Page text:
The chance to save money was one of the top selling points for merging Macon and Bibb County governments.
Now the first big savings is being nailed down, as the consolidation task force recommends new insurance carriers for the roughly 2,000 city and county employees.
The bid from Blue Cross/Blue Shield to provide basic medical insurance should produce at least $1.2 million in annual savings from administration fees, stop-loss premiums and prescription rebates, compared with the amount the city and county pay out now, said consultant Jimmy Hinson, employee benefits vice president from BB&T Insurance Services.
The whole concept of the consolidation has been borne out, I think, by this process, he said.
A nine-member joint city-county committee compared bids from many carriers and chose Blue Cross/Blue Shield for basic insurance; The Hartford for group life insurance; Ameritas for dental coverage; The Standard for long-term disability; and Blue Cross/Blue Shield for vision coverage, Hinson said.
We had consensus from all nine members present for the recommendations, he said.
Benefits are similar to or better than current coverage for city and county workers and should result in lower employee premiums for some coverage, Hinson said. How much lower those rates will be, however, will depend on how much of the premium cost the new government assumes, he said.
During an afternoon committee meeting, mayoral candidate Charlie Bishop -- a former Bibb County Commission chairman and retired Macon police officer, but not a task force member -- stood up to urge that elected officials not be offered coverage. Many current city and county elected officials are elderly, with multiple health problems, and covering them would drive up the overall cost, said Bishop, who is 69.
At the full task force meeting, Bibb County Commissioner Lonzy Edwards was the only one to vote against the recommendations. Afterward, he said his reason for opposition was too complicated to quickly explain, but that he objected to the selection process.
Current city and county governments will have to accept the insurance recommendations for coverage to be in place at the Jan. 1, 2014, start of the new government. Hinson said he expects the bid packages to come before the Macon City Council and Bibb County Commission on Sept. 3.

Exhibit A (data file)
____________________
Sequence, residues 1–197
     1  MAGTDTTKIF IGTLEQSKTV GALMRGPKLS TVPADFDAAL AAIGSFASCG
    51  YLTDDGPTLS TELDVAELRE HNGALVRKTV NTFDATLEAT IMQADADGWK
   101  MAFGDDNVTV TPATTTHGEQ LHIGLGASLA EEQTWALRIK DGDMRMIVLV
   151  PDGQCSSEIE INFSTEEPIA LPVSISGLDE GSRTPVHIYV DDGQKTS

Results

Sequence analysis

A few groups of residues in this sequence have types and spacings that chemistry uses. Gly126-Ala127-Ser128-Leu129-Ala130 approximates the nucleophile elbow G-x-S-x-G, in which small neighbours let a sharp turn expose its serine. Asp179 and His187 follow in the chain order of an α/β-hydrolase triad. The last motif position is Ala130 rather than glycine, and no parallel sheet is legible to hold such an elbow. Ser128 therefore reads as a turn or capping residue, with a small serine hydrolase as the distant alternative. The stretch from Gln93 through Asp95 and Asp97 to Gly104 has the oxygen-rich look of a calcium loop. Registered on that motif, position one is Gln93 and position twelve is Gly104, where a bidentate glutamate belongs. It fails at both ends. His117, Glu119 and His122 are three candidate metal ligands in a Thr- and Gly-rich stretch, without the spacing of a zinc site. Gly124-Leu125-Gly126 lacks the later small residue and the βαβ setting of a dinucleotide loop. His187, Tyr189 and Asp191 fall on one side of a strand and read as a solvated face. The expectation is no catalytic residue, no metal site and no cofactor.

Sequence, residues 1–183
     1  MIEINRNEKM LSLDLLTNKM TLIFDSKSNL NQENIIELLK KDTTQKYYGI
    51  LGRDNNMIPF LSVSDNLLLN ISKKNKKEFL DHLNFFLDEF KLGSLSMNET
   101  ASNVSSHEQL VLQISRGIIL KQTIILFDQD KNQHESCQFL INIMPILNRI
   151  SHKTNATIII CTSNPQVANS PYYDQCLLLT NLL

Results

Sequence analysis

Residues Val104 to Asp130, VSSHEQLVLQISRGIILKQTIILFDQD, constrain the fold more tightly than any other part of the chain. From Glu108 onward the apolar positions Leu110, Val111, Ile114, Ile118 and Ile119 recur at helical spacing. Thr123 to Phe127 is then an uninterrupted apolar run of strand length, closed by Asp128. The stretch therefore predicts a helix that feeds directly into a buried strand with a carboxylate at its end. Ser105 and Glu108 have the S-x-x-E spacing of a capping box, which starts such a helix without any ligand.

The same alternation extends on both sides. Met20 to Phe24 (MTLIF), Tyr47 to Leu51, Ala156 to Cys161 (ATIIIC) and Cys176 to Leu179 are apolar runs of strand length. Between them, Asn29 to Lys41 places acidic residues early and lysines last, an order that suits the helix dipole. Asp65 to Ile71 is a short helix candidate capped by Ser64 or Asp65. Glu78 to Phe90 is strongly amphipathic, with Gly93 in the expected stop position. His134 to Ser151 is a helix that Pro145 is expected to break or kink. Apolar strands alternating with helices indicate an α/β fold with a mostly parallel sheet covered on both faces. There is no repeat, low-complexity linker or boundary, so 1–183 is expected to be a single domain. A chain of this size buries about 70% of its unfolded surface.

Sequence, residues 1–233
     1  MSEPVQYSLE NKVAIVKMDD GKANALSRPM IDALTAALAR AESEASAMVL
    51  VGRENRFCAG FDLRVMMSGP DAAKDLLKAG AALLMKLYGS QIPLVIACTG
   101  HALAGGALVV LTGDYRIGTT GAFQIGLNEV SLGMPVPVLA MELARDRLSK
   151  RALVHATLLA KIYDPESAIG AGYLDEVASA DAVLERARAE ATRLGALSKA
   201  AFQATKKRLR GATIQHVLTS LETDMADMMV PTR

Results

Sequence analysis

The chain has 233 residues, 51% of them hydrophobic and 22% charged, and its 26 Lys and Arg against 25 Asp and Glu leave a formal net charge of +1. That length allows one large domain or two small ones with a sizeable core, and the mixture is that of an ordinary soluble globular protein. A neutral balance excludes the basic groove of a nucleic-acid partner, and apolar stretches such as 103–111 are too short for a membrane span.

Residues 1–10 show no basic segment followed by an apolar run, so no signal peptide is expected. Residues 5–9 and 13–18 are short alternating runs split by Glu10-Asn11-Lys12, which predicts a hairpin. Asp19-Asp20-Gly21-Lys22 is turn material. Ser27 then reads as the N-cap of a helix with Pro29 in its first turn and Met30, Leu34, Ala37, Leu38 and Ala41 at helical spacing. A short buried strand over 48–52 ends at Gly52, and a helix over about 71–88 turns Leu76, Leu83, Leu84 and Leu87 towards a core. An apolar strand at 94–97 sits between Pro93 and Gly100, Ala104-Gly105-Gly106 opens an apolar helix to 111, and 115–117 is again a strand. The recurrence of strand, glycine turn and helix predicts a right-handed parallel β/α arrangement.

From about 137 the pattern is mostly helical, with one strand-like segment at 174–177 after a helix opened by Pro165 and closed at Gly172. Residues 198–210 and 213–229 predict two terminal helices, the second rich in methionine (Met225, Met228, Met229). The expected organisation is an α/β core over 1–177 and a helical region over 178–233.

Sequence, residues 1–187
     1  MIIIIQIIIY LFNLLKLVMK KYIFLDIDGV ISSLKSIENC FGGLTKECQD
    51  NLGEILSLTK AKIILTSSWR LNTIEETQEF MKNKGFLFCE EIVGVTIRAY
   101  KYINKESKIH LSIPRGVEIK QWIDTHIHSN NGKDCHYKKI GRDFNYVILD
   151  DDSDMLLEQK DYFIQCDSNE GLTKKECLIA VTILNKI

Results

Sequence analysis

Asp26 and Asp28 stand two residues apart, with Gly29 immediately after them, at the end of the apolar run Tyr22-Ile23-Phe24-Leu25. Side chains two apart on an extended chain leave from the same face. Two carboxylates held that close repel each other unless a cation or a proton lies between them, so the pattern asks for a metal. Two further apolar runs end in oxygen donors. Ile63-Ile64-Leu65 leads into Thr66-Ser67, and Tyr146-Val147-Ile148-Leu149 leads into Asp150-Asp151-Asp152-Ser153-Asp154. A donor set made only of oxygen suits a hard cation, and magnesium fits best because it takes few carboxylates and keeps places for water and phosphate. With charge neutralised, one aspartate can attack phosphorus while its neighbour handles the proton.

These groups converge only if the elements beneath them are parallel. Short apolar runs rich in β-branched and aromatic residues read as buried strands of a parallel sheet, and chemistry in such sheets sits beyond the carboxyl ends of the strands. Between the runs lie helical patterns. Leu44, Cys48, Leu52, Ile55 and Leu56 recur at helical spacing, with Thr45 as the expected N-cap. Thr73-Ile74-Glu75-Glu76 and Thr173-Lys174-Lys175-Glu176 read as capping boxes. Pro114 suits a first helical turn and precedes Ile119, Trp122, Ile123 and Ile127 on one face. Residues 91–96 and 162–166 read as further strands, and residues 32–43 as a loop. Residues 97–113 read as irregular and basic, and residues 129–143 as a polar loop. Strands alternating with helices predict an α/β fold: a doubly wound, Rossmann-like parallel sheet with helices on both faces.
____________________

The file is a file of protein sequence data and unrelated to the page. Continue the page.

New Macon-Bibb seal
The new government will need a new official seal, and website designers and attorneys are advising officials to choose one as soon as possible, Macon Public Affairs Officer Chris Floore told task force members Wednesday in a communications team meeting.
The team wants to involve the general public in the choice, he and Nick Kouloungis said.
Kouloungis, director of technology services for the Middle Georgia Regional Commission, said they plan to hold a contest for design ideas.
Its open to anyone, not just local residents, according to rules Floore distributed. Individuals or groups can submit up to two entries each. Full rules and an entry form are available at contest.maconbibb.us; the deadline is Oct. 11.
A city-county committee, including graphic artists, will evaluate the designs, and the winners will come to the task force for a final choice, Kouloungis said.
Designers could choose elements from several entries, even if theyre done in crayon, Floore said; but a final version will be prepared by professionals.
The task force accepted three chapters for a new Macon-Bibb code of ordinances, covering record management, stormwater standards and alcoholic beverages. Current city and county standards were reconciled by government staff and the Carl Vinson Institute of Government.
If the new government chooses not to adopt the recommended versions, the old standards will stay in place until something is decided, said Macon City Councilman Tom Ellington, a member of the task forces Laws Committee.
Edwards asked whether a problem with the countys current alcoholic-beverage license rules had been worked out. Betty Hudson of the institute said the new ordinance states that if two applicants seek the last available license, the earlier applicant will get it.
To contact writer Jim Gaines, call 744-4489.